You may have heard of the parable of the Blind Men and the Elephant. It’s from the Hindu and Buddhist traditions. There are a number of variations, but in general it goes something like this: three blind men encounter an elephant. One touches the trunk; another touches the tail; the third touches the leg. Each believes that they have learned all that there is to know about elephants.
Later, they describe their encounters to each other. The first says that the elephant is clearly like a snake. The second is no less convinced that the elephant is like a rope. The third man thinks the first two are out of their minds. The elephant is obviously like a tree. They become embroiled in a heated argument; shouting that only their experience could possibly describe the “real” elephant.
The parable, according to tradition, was originally told by a wise man who had been asked by a student to explain why his teachers all taught such different views of religion.
It isn’t that the blind men were wrong; not exactly. They each truthfully described what they’d experienced. The problem was that none of them could experience all of the elephant. And none of them were willing to listen to and learn from the others. How much more would they have known if they had been open to hearing each other?
As Paul wrote to the Corinthians, as human beings we see, and understand, only in part.
When I was younger and my father wanted to remind me that it was just possible that I didn’t know absolutely everything (imagine that), he used to say it this way: “I see, said the blind man, and he didn’t see a damn thing.”
On an intellectual level, we can agree that God is beyond our ability to comprehend. And yet, the words are no sooner said than we begin to try to do just that. We call God “Father”, or “Mother”, or “Spirit”, or “Energy”, or “Cosmic Consciousness.”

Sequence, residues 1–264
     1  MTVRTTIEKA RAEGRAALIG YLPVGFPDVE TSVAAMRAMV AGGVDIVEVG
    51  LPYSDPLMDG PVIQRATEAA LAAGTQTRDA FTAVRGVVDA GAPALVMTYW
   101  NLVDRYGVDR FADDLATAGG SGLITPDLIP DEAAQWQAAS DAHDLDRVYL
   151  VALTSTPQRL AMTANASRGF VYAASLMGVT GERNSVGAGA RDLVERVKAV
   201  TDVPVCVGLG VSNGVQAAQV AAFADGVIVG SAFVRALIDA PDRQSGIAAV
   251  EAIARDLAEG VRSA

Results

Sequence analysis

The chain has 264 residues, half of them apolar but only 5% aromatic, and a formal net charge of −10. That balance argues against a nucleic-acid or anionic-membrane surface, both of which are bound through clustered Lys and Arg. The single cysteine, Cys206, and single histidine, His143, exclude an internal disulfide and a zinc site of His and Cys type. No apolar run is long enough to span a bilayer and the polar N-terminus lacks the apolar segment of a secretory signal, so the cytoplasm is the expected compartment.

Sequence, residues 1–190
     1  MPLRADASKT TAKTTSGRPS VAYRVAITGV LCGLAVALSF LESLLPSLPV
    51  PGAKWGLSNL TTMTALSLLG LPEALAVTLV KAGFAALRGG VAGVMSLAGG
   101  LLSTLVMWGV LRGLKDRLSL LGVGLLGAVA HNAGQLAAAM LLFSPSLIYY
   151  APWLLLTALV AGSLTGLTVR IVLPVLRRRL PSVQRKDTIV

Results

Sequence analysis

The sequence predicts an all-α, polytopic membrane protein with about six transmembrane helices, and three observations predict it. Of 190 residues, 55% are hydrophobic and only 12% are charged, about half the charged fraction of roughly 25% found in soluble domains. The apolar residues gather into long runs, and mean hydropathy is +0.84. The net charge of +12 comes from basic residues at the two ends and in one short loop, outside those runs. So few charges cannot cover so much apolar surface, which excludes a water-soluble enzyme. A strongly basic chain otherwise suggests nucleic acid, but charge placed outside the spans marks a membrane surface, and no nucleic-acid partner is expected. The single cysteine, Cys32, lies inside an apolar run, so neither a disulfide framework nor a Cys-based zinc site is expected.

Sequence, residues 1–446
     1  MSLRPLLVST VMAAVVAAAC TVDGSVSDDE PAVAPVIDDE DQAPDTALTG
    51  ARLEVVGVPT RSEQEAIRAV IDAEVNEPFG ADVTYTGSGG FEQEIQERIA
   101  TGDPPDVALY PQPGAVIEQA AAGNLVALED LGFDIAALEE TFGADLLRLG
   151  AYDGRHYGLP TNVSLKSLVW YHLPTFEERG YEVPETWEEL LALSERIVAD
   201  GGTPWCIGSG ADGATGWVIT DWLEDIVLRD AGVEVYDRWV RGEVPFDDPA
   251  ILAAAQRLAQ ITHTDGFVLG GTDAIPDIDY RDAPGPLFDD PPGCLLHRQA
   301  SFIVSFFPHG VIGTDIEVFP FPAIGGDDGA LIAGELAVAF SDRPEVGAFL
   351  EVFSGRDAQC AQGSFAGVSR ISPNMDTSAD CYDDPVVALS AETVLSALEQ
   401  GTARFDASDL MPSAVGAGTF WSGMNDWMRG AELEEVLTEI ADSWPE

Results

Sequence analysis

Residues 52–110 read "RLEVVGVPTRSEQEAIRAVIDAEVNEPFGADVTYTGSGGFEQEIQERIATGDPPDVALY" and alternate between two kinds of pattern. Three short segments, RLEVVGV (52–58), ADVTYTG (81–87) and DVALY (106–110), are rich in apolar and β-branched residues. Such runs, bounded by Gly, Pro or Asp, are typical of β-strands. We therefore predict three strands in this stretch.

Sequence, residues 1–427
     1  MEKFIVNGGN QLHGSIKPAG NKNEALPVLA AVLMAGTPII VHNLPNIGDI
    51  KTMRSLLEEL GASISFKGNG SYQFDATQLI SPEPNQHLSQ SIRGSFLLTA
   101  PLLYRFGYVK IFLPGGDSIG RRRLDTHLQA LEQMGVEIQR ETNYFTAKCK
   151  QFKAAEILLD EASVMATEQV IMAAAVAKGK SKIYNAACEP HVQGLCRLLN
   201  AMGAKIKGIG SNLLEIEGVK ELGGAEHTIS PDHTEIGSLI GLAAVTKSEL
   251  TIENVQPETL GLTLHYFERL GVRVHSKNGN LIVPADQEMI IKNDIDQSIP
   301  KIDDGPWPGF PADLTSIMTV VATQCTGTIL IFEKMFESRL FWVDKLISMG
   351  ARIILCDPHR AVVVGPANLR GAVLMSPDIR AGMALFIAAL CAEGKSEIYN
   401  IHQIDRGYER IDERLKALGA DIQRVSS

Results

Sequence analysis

Which is fine.
At least, it is right up to the point where we begin to tell others that their description of God couldn’t possibly be “right” because it doesn’t match ours.
The idea that there’s more to the elephant – to God – than we can possibly grasp seems, well, hard to grasp. Or at least, for many people, hard to accept. Perhaps that’s because there’s already enough uncertainty in our lives. It’s comforting to have the security of a God who stays within the boundaries we set.
However, the parable of the blind men and the elephant underscores the absurdity of trying to describe the Indescribable. God, like the elephant, isn’t going to be limited by our limitations. Rather, we’re the ones who have to be able to accept a Creator who encompasses the incredible diversity of Creation.
There were just as many opinions about God two thousand years ago as there are now. There were just as many “experts” in doctrine and dogma. Every one of them, like the blind men, ready and willing to tell people exactly what rules were most important; what way of “believing” was “right”; what an elephant was really all about.
And the people were no less cynical of the explanations they offered than we are of those offered by our “experts” today.
As the Gospel writers tell it, Jesus suggested something simpler. He told us we should just “love God with all our heart and mind and strength.”
Love (the original word is “agapé”, which we’ll talk about another time) isn’t something we learn from a book. We learn it by experiencing it.
Nor is it exactly the same for any of us. So trying to put rules around it, as Jesus and the author of the parable of the blind men knew, is useless. Worse, it denies us the joy of learning more of God from the diversity of others’ experiences.
That doesn’t mean that we should abandon our traditions. Whichever expression of God holds the most meaning for us is exactly that – the most meaningful.
We just need to be able to accept that it’s not all there is.
That the agapé love of God, no matter how wide we reach, no matter how far we look, is more.